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Flashcards in Neuro Deck (229)
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Pilocytic Astrocytoma

  • kids and young adults.
  • benign tumor in cerebellum, floor and walls of 3rd ventricle, optic nerve, cerebral hemispheres.
  • usually a p53 mutation.
  • morphology: grade I/IV tumor.  cystic with mural nodule in wall of cyst.
    • bipolar cells with long, thin, hairlike processes.
    • Rosenthal fibers and microcysts.
    • narrow infiltrative border surrounding brain.


Inflitrating Astrocytomas

  • 80% of adult primary brain tumors.
  • age: 30-60 yr.
  • low grade: overexpress PDGF-alpha and receptor.  mutated p53 function.
  • high grade: mutation of RB, p16/CDKNaA ⇒ activate RAS and PI-3 kinase pathways, inactivate RB and p53
  • morphology: grades II-IV.
  • presentation: focal neurologic deficits, headaches, seizures, from mass effects or cerebral edema.
    • high grade have contrast enhancement on imaging.


Diffuse Astrocytomas

  • infiltrating astrocytoma
  • grade II/IV
  • poorly defined, gray-white.  expands and distorts a region of the brain.
  • hypercellularity and nuclear pleomorphism
  • indistinct transition from normal to neoplastic


Anaplastic Astrocytoma

  • infiltrating astrocytoma
  • grade III/IV.
  • ↑ nuclear anaplasia with numerous mitoses.



  • infiltrating astrocytoma
  • grade IV/IV.
  • mixture of firm white areas, soft yellow areas of necrosis, cystic change, and hemorrhage.
  • ↑ vascularity

  • pseudopalisading = ↑ tumor cell density along necrotic edges.

  • poor prognosis, typically survive about 15 months.


Pleomorphic Xanthoastrocytomas

  • temporal lobes of young patients with history of seizures.
  • grade II/IV.
  • neoplastic bizarre astrocytes, abundant reticulin and lipid deposits, chronic inflammatory cell infiltrates.
  • 5 yr survival = 80%.


Brainstem Gliomas

  • ages 0-20yrs.
  • pontine is most common, aggressive.
  • tecta are benign.
  • corticomedullary junction = intermediate.



  • 5-15% of gliomas.
  • in mid life.
  • usually loss of heterozygosity in chromosomes 1p and 19q.
  • morphology: in white matter.  well circumscribed, gelatinous, gray masses with cysts, focal hemorrhage, and calcification.
    • sheets of regular cells with round nuclei containing finely granular chromatin surrounded by halo of cytoplasm.  sit in delicate capillary network.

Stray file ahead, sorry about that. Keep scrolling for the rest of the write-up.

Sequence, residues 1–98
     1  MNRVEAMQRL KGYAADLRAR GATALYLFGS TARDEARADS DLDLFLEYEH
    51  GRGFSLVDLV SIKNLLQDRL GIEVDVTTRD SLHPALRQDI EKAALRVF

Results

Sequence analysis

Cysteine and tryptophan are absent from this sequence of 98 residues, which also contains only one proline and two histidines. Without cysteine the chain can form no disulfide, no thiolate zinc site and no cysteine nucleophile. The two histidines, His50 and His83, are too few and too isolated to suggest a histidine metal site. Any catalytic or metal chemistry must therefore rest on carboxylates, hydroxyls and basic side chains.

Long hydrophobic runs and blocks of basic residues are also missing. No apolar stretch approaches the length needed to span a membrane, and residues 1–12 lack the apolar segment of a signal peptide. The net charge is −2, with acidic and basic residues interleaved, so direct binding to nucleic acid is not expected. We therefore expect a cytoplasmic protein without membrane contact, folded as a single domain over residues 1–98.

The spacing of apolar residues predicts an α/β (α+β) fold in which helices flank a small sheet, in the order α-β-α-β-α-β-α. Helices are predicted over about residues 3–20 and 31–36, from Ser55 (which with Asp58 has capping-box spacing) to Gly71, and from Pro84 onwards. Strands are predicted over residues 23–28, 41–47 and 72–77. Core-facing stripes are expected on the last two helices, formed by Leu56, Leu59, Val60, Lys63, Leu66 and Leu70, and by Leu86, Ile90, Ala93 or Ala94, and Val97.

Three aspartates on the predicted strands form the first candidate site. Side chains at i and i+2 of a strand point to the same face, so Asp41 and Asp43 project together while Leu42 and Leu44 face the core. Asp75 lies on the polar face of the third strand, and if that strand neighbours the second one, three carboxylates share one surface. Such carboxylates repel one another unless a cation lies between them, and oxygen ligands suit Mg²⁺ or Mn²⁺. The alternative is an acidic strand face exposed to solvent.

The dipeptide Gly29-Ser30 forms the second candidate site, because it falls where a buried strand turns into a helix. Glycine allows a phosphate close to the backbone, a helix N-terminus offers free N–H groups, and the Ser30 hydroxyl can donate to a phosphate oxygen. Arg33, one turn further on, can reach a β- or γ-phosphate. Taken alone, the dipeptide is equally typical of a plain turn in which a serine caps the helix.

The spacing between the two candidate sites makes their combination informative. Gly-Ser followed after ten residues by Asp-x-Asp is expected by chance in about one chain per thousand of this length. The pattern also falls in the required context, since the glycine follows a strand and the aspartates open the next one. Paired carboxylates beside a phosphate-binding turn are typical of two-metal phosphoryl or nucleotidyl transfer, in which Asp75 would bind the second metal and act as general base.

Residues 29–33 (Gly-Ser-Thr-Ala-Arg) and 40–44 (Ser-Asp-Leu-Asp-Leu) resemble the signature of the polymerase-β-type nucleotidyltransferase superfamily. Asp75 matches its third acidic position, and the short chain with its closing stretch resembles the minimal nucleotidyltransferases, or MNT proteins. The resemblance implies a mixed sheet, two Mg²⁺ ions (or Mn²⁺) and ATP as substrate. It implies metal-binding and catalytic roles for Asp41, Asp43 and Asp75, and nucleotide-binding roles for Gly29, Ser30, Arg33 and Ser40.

• calcification in 90%.
  • presentation: better prognosis than astrocytomas.  only have 1p 19q respond well to chemo and radiation.
    • survival 5-10 yrs
    • anaplastic = grade III/IV, worse prognosis.



  • tumor arising from ependymal lining.
  • ages 0-20yrs: usually in 4th ventricle.
  • spinal cord central canal = middle age and neurofibromatosis type II.
  • morphology: moderately well-demarcated solid or papillary lesions.
    • round-oval nuclei with abundant granular chromatin.
    • form elongated ependymal canals or pervascular pseudorosettes.
    • grade II/IV.  
    • anaplastic = grade III/IV.  have ↑ cell density, mitoses, necrosis with less evident ependymal differentiation.
  • presentation: posterior fossa ependymomas have hydrocephalus.  CSF dissemination common.  
    • 50% 5 yr survival.
    • spinal cord lesions do better


Myxopapillary Ependymoma

  • arises in filum terminale of spinal cord.
  • cuboidal cells, can have clear cytoplasm, around papillary core.
  • myxoid areas have neutral and acidic mucopolysaccharides



  • solid, calcified, slow growing nodules attached to ventricular lining, protruding into ventricle.
  • usually asymptomatic, can cause hydrocephalus.
  • morphology: clumps of ependymal-appearing nuclei scattered in dense, finely fibrillar background


Choroid Plexus Papilloma

  • recapitulate normal choroid plexus.
  • CT papillae covered with cuboidal-columnar ciliated epithelium.
  • hydrocephalus from obstruction or CSF overproduction.


Choroid Plexus Carcinoma

  • rare adenocarcinoma.
  • usually in kids


Colloid Cysts of 3rd Ventricle

  • non-neoplastic lesion in young adult.
  • in foramen of Monro.
  • noncommunicating hydrocephalus.  can be fatal.
  • contains gelatinous, proteinaceous material in a thin fibrous capsule lined by cuboidal epithelium.



  • most common CNS tumor of mature-appearing neurons (ganglion cells).
  • slow growing even if aggressive.
  • morphology: in temporal lobe, cystic component.
    • neoplastic ganglion cells irregularly clustered, randomly oriented neurites.